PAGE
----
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Legorobotics is a party. That’s the first thing you’ll notice when you walk through the doors at Centennial Hall Convention Center at the annual Juneau Robot Jamboree.
Juneau’s next generation of tech leaders learn early at Robot Jamboree 121317 AE 1 Kevin Gullufsen, Juneau Empire Legorobotics is a party. That’s the first thing you’ll notice when you walk through the doors at Centennial Hall Convention Center at the annual Juneau Robot Jamboree.

A team watches as their robot performs small tasks during a competition at the Juneau Robot Jamboree at Centennial Hall Convention Center on Saturday. (Kevin Gullufsen | Juneau Empire)


Members of team Prickles, of Skagway, go over scoring with a Juneau Robot Jamboree judge at the robot game on Saturday at Centennial Hall Convention Center. (Kevin Gullufsen | Juneau Empire)


Two competitors in the Juneau Robot Jamboree react to an uncooperative robot at Centennial Hall Convention Center on Saturday. (Kevin Gullufsen | Juneau Empire)

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Wednesday, December 13, 2017

Story last updated at 12/13/2017 - 4:29 pm

Juneau’s next generation of tech leaders learn early at Robot Jamboree

Legorobotics is a party. That’s the first thing you’ll notice when you walk through the doors at Centennial Hall Convention Center at the annual Juneau Robot Jamboree.

The attire is festive. Each team wore colorful, self-designed t-shirts. Some sported a team hairstyle, like the Prickles, a Skagway team whose girls put their hair up in dual buns. Team Happy Dave, a homeschool team from Juneau who won the “Robot Performance” award, donned top hats. A pinstriped judge topped her outfit with an electric blue wig.

Pop hits like Miley Cyrus’ “Party in the USA” blared over the competition main stage, where two teams compete on pairs of 8-by-4 foot robotics competition tables, surrounded by stands for parents to take video. A Boy Scout team on one of the stands danced to the song “Harlem Shake.” Several of them did the “Bernie,” wiggling their arms at their sides while looking up at the ceiling.

Twenty-three teams from across Southeast showed up for the annual competition this year, organizer Rebecca Soza said, a good chunk of the 178 teams in the state. Each team provides a chance for fourth-eighth grade students to learn technology, engineering and critical thinking skills, build confidence and learn how to solve real-world problems.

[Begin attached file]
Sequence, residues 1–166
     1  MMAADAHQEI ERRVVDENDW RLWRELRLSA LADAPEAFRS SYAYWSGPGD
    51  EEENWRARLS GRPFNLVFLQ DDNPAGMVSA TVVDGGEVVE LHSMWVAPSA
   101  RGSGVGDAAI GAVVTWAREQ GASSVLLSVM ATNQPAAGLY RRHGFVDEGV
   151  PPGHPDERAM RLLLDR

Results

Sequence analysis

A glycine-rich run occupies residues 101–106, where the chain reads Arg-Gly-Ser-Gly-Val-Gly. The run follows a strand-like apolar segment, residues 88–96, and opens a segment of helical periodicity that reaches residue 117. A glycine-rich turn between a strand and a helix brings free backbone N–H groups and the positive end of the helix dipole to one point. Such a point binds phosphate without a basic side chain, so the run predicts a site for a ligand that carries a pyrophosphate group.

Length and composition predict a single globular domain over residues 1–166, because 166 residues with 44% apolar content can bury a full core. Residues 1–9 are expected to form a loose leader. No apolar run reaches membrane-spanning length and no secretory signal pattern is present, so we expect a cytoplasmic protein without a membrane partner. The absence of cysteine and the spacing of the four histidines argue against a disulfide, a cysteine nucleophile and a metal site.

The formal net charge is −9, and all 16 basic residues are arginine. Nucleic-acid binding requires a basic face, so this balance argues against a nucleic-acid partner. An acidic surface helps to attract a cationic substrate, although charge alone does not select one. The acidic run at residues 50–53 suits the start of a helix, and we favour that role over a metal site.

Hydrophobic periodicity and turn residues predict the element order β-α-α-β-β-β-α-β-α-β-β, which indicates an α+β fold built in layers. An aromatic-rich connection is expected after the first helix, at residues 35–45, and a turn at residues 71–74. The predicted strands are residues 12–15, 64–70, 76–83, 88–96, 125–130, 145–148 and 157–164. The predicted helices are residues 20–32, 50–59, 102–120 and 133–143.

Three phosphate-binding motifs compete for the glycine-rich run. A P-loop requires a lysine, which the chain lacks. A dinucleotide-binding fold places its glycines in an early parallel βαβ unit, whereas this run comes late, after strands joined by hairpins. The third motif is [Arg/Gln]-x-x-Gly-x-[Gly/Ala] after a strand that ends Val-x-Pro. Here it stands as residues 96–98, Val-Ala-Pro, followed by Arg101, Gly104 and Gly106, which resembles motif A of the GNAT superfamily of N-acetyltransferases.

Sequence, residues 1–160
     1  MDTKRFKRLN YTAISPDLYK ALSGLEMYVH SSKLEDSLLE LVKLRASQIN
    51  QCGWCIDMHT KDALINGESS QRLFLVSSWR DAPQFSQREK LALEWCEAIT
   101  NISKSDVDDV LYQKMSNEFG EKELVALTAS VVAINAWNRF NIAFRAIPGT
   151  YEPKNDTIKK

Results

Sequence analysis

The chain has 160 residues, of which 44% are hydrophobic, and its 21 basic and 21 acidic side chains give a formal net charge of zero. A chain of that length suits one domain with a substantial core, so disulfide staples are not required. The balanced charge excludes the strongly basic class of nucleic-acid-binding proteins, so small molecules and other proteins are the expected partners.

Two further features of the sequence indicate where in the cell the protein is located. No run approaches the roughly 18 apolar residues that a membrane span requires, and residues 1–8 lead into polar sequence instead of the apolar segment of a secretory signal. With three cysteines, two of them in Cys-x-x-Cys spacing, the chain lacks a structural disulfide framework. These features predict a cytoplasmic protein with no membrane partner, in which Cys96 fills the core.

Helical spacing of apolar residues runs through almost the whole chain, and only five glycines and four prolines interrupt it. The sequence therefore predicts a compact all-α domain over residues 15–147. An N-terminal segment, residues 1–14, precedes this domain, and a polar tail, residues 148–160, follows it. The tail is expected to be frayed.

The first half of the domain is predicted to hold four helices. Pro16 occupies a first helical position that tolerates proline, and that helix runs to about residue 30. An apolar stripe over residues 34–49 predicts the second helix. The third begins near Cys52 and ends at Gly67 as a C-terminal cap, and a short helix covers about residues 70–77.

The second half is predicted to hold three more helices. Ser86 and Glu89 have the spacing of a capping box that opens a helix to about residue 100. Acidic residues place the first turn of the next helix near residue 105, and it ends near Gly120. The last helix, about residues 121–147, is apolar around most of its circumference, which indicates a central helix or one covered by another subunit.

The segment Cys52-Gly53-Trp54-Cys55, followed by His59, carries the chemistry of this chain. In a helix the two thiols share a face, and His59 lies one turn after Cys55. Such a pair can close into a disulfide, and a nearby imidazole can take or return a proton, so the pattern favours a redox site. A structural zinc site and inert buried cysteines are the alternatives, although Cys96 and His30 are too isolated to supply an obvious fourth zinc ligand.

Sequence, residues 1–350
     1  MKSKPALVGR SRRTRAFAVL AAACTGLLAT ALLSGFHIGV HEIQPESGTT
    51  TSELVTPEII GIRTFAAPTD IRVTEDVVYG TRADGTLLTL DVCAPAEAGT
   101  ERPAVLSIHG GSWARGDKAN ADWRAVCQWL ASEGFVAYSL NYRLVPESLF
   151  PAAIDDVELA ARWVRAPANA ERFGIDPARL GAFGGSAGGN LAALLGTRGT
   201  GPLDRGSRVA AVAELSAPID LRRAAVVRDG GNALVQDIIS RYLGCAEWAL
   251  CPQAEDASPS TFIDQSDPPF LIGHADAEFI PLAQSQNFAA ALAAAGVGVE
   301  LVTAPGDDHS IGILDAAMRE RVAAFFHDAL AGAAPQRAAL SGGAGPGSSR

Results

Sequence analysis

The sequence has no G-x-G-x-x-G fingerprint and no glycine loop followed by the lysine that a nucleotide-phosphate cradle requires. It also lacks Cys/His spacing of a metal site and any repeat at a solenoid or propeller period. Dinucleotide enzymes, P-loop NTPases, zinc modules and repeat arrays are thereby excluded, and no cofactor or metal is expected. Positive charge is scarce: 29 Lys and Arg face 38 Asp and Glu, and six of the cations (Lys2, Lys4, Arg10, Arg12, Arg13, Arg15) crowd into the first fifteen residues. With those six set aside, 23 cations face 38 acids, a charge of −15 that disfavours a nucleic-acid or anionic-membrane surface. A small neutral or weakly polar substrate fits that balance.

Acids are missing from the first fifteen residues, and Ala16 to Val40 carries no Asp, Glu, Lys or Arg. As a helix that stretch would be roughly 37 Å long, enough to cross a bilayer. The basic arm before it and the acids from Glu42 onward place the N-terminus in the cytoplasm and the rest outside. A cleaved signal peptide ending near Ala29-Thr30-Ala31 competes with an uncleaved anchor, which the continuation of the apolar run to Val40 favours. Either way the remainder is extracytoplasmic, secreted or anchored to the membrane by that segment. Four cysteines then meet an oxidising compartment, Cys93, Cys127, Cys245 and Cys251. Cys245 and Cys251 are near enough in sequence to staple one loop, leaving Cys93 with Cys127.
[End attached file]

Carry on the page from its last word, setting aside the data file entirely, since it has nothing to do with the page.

The Prickles, last year’s overall “Champions Award” winners, were excited to talk about the appeal of the competition. (They didn’t know it at the time of the interview, but they repeated as champions this year).

The team programs their robot, which they’ve nicknamed Tubby the Elephant, to do a series of small tasks like picking up a mock pipe and delivering it back to a base in the corner of the competition table.

There’s a special sense of satisfaction to seeing a machine you’ve designed and programmed do its intended job, team members said, which is tied to the excitement of doing hands-on work. Though young, they can tell this is the kind of collaborative, 21st-century training they’ll need to change the world.

“It’s the new generation of science and tech, and a lot of people here are probably going to grow up to be the science-tech engineers,” fifth-grader Kenadie Cox said.

“The satisfaction that you thought of even one idea that could help people is really cool,” Chloe Miller said.

“And they allow us to be loud,” sixth-grader Charlie Deach added.

The competition has three parts: the robotics game, a science fair-esque problem-solving competition and a “core values” component, where teams are judged on their enthusiasm, partnership and respect. Judges score each team in each of the three categories. The team that scores highest in a combination of all three categories earns the Champions Award.

There are teams at nearly every school in Juneau. Juneau-Douglas and Thunder Mountain high schools also compete in a separate robotics competition and volunteer at the Jamboree. The program is sponsored by the Juneau Economic Development Council, which tapped Soza to organize and run the whole thing.

There’s so much interest that there’s even a junior age category, where kids in kindergarten through fourth grade can participate in the problem-solving portion of the competition. Out in the Centennial Hall lobby, young Freyja Shelton-Walker displayed her poster-board idea for getting fresh water to a hospital. At just 7 years old, she built and programmed a Lego robot to travel from a mock hospital to a water filtering plant a few feet away.

People need fresh water at the hospital “so they don’t get sick,” she said.

While the Prickles took home the coveted Champion’s Award, five other teams received distinctions. Team Happy Dave took home the Robot Performance and Core Values awards. Team Lily Inc. was awarded for Robot Design. Team Robo Mojo won the Project Award and the Indestructible Award was given to the Girls Scout team called “Thursday” while the Possibilities Award was given to team X-tra Tuff Girls.